New Delhi [India], July 22 (ANI): The Delhi High Court on Wednesday asked University Grants Commission (UGC) to clarify whether the options of Multiple Choice Questions (MCQs), assignments and presentation based examinations are available for the final year students.
A bench of Justice Prathiba M Singh listed the matter for further hearing on Friday after Solicitor General Tushar Mehta sought time to take instructions on whether assignment based exams are contemplated in the UGC guidelines.
The court also observed that that various universities in the country had opted for alternative mode for conducting examination so that students did not face any inconveniences amid the ongoing COVID-19 pandemic.
The High Court also pointed out a different mode of examination pointed by UGC's April guidelines, which can be held by a college.
During the hearing, the High Court observed that it is completely impractical to have a timed online examination. "We live in the heart of Delhi and there was no electricity or connectivity for hours due to the rain," the bench said.
The court also took note of a survey report filed by an intervenor in the matter which said that most of the students are against timed online examination.
Senior advocate Sachin Datta, who was arguing for Delhi University, told the court that students do not need internet continuously as they just need it to download and upload. He also said that the varsity is working day and night and there is no other way.
However, the High Court expressed unhappiness with his response and said that there are more than 200 universities and some of them have finished the examination.
"Imagine the number of writ petitions that are going to come here due to a number of reasons after Open Book Examination in August. DU will be struggling with it for years. I think the administration has collapsed and students are suffering," the bench said.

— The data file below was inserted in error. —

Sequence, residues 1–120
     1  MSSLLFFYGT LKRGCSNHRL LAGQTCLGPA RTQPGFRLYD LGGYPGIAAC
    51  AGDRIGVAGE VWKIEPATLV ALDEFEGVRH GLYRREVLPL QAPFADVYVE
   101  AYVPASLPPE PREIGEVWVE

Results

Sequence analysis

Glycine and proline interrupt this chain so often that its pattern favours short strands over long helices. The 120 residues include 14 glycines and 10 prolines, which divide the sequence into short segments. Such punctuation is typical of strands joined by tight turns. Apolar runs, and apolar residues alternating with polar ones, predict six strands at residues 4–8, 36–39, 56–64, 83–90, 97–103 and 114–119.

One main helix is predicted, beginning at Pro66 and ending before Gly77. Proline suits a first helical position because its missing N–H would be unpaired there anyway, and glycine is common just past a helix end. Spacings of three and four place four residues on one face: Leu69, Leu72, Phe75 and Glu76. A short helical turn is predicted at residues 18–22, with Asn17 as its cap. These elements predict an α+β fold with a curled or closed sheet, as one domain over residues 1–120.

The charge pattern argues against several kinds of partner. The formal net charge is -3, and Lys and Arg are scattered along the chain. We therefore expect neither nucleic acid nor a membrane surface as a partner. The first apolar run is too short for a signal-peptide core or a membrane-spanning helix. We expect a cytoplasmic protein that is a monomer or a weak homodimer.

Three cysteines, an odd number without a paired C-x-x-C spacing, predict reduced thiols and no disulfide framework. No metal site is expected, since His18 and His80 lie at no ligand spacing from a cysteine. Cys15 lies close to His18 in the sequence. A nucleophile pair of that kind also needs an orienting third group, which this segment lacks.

The court also noted that as per exams guidelines, students require minimum 4G connectivity, and remarked with a question that how much is the 4G penetration in our country.
The petitioners' counsel told the court that many colleges have opted for creative mode of examination including MCQs, etc, and added that traditional mode of exams is very time consuming and Open Book Exams (OBE) is prima facie troublesome.
The court was hearing a petition filed by several students including one Anupam through advocates Akash Sinha, Shubham Saket, Indrajeet Singh and Gaurav Prakash Shah, seeking quashing and withdrawal of the notifications dated May 14, May 30 and June 27, in respect of undergraduate and postgraduate students, including students of the School of Open Learning and Non-Collegiate Women Education Board.
The petition also sought to direct the Delhi University to evaluate the final year students based on the previous years' or semesters' results in the same manner as the respondent University has planned to promote the first and second-year students. (ANI)